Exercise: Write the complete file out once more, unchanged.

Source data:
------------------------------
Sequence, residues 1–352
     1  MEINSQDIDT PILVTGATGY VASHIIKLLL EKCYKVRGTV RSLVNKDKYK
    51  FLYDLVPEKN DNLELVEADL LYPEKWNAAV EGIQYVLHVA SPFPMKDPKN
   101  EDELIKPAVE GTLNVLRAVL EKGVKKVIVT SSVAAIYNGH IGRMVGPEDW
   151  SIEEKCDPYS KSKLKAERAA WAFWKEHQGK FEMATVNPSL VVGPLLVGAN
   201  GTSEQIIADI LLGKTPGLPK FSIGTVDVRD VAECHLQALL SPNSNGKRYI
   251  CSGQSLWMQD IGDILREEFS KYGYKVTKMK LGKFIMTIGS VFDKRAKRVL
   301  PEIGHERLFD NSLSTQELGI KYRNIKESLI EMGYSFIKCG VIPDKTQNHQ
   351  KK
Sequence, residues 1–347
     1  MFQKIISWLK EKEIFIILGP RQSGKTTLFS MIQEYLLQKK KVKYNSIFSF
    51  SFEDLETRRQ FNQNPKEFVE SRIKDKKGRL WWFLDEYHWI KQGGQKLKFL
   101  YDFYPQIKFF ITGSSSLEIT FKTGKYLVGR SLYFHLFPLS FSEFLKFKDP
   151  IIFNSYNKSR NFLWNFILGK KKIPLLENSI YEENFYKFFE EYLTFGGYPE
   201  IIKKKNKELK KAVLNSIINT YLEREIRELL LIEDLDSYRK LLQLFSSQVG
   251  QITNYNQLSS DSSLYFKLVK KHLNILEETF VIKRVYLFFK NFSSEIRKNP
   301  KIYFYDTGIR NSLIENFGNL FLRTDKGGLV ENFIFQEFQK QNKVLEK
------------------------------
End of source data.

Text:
Sequence, residues 1–352
     1  MEINSQDIDT PILVTGATGY VASHIIKLLL EKCYKVRGTV RSLVNKDKYK
    51  FLYDLVPEKN DNLELVEADL LYPEKWNAAV EGIQYVLHVA SPFPMKDPKN
   101  EDELIKPAVE GTLNVLRAVL EKGVKKVIVT SSVAAIYNGH IGRMVGPEDW
   151  SIEEKCDPYS KSKLKAERAA WAFWKEHQGK FEMATVNPSL VVGPLLVGAN
   201  GTSEQIIADI LLGKTPGLPK FSIGTVDVRD VAECHLQALL SPNSNGKRYI
   251  CSGQSLWMQD IGDILREEFS KYGYKVTKMK LGKFIMTIGS VFDKRAKRVL
   301  PEIGHERLFD NSLSTQELGI KYRNIKESLI EMGYSFIKCG VIPDKTQNHQ
   351  KK
Sequence, residues 1–347
     1  MFQKIISWLK EKEIFIILGP RQSGKTTLFS MIQEYLLQKK KVKYNSIFSF
    51  SFEDLETRRQ FNQNPKEFVE SRIKDKKGRL WWFLDEYHWI KQGGQKLKFL
   101  YDFYPQIKFF ITGSSSLEIT FKTGKYLVGR SLYFHLFPLS FSEFLKFKDP
   151  IIFNSYNKSR NFLWNFILGK KKIPLLENSI YEENFYKFFE EYLTFGGYPE
   201  IIKKKNKELK KAVLNSIINT YLEREIRELL LIEDLDSYRK LLQLFSSQVG
   251  QITNYNQLSS DSSLYFKLVK KHLNILEETF VIKRVYLFFK NFSSEIRKNP
   301  KIYFYDTGIR NSLIENFGNL FLRTDKGGLV ENFIFQEFQK QNKVLEK